Toshiba to Quit HD DVDs, Ends Format War
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Toshiba surrendered in the high-definition home movie war on Tuesday, giving up on its HD DVD format after losing the support of key studios and retailers to the Blu-ray technology backed by Sony.
The decision by the electronics maker ends the battle with a consortium led by Sony over who would set the standard for the next generation of discs, a fight that confused shoppers and stalled a move to the new technology in the $24 billion home DVD market.
The Blu-ray win means consumers no longer have to choose between rival incompatible formats and run the risk of being stuck with a 21st-century equivalent of Betamax, Sony's videotape format that lost out to VHS in the 1980s.
Toshiba, which had hoped HD DVD would drive growth in its consumer electronics business, said it would aim to end its HD DVD business by the end of next month.
"This was a very difficult decision to make ... but when we thought about the trouble we would cause to consumers and our partners, we decided it was not right for us to keep going with such a small presence," Toshiba CEO Atsutoshi Nishida told a news conference.
The company said it would continue to service existing HD DVD products and added it expected bigger profits over the next year as it will cut spending earmarked to promote HD DVD.
The tide turned against HD DVD after the defection to Blu-ray by Time Warner's Warner Bros. studio last month.
[cob:Related_Articles]The following week, Blu-ray took 93 percent of next-generation DVD hardware sales in North America, according to the NPD Group.
Big U.S. retailers took their cue -- including Wal-Mart, Best Buy and online video-rental company Netflix -- and pundits began writing obituaries for HD DVD.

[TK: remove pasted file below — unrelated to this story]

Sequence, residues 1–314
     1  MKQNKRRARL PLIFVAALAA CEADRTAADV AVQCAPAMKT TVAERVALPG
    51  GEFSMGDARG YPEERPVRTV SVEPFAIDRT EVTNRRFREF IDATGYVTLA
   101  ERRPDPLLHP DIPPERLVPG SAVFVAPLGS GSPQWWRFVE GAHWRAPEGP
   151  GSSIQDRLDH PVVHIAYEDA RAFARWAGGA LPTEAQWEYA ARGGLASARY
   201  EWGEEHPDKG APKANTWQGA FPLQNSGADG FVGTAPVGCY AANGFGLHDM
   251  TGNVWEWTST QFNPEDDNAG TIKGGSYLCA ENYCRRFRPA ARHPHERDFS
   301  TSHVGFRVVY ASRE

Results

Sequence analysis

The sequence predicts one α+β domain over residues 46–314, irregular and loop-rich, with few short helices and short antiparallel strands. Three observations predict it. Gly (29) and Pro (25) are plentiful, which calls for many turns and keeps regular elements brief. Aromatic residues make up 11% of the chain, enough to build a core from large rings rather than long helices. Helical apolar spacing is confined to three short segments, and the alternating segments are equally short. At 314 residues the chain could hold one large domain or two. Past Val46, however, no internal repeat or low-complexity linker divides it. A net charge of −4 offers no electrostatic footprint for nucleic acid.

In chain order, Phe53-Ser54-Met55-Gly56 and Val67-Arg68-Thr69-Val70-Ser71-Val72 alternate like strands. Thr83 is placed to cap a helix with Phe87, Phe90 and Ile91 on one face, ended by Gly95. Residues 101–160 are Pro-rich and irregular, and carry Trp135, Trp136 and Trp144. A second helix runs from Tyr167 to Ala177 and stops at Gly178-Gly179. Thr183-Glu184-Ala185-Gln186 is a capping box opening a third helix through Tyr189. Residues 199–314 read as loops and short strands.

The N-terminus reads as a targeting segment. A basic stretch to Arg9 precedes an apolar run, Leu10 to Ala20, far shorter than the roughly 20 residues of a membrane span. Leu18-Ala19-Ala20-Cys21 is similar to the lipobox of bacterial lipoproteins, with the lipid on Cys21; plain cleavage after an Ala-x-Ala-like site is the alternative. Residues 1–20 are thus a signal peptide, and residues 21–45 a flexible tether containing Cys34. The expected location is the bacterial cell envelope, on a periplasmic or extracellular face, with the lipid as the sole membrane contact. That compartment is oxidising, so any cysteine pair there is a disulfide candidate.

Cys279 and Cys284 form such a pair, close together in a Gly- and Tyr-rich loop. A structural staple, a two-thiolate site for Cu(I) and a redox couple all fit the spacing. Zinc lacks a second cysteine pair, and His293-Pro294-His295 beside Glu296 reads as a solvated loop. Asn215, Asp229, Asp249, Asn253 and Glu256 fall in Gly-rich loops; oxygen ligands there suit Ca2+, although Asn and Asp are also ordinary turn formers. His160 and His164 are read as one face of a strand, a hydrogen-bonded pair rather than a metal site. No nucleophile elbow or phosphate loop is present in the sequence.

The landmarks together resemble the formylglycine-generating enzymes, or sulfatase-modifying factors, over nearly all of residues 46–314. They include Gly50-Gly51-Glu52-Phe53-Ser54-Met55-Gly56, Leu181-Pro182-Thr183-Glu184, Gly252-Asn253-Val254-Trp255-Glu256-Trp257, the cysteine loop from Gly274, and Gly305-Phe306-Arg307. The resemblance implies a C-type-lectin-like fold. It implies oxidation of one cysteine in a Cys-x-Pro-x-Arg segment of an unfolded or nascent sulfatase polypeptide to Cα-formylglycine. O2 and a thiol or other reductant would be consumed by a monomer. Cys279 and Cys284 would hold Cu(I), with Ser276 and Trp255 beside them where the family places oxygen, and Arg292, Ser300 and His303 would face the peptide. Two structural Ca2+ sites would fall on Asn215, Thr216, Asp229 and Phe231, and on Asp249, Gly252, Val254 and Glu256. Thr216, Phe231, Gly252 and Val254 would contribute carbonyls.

Blu-ray made up 81 percent of all high-definition disc sales in the week ending Feb. 10, according to Nielsen VideoScan First Alert.
But the Blu-ray win comes just as digital movie downloads appear on the market, rolling out movies and TV shows on high-speed Internet connections and bypassing the disc altogether. That could limit growth for Blu-ray, analysts said.
"(DVDs) will not disappear, but downloading to hard drives and NAND flash memory may grow faster," JP Morgan analyst Yoshiharu Izumi wrote in an e-mail.
While Toshiba has lost the chance to be the leader in the next-generation of movie discs, investors welcomed its decision to cut its losses on HD DVD early and invest in more promising businesses.
Toshiba's shares leapt nearly 6 percent on Monday, although they pulled back 0.6 percent on Tuesday compared with a 0.9 percent rise in the benchmark Nikkei average.
Toshiba combined the HD DVD exit with an announcement that it and partner SanDisk would spend about 1.7 trillion yen ($15.7 billion) on two new flash memory plants in a bid to catch up with industry leader Samsung Electronics in the fast-growing market.
Investors are now waiting to see if and how Toshiba will get access to Blu-ray technology for its home electronics business.
"It's going to have to buy the technology from elsewhere or pay Sony or Matsushita for the licenses," said Tetsuro Miyachi, senior portfolio manager at Franklin Templeton Investments Japan. "But the company saw that this is still better than just continuing on with losses of tens of billions of yen each year."
Nishida said Toshiba had "absolutely no plans" to make or sell Blu-ray players.
Toshiba has HD DVD agreements with studios including NBC Universal's Universal Pictures, Viacom's Paramount Pictures and DreamWorks Animation SKG, which will now likely switch to Blu-ray.
Existing Blu-ray supporters include News Corp.'s 20th Century Fox, Walt Disney Co. and Lions Gate Entertainment. Sony's PlayStation 3 game console also plays Blu-ray films.
Toshiba, which began sales of HD DVD players in March 2006, has sold 1 million players and recorders, including sales of drives for another supporter, Microsoft, for its Xbox 360 game console. Another roughly 700,000 HD DVD drives have been sold for PCs.
But Blu-ray discs could face increasing competition from Internet movie download services from the likes of Apple, Amazon.com and Netflix.
"We are going to have to work extra hard to make up for these two years," said a Matsushita official who declined to be named.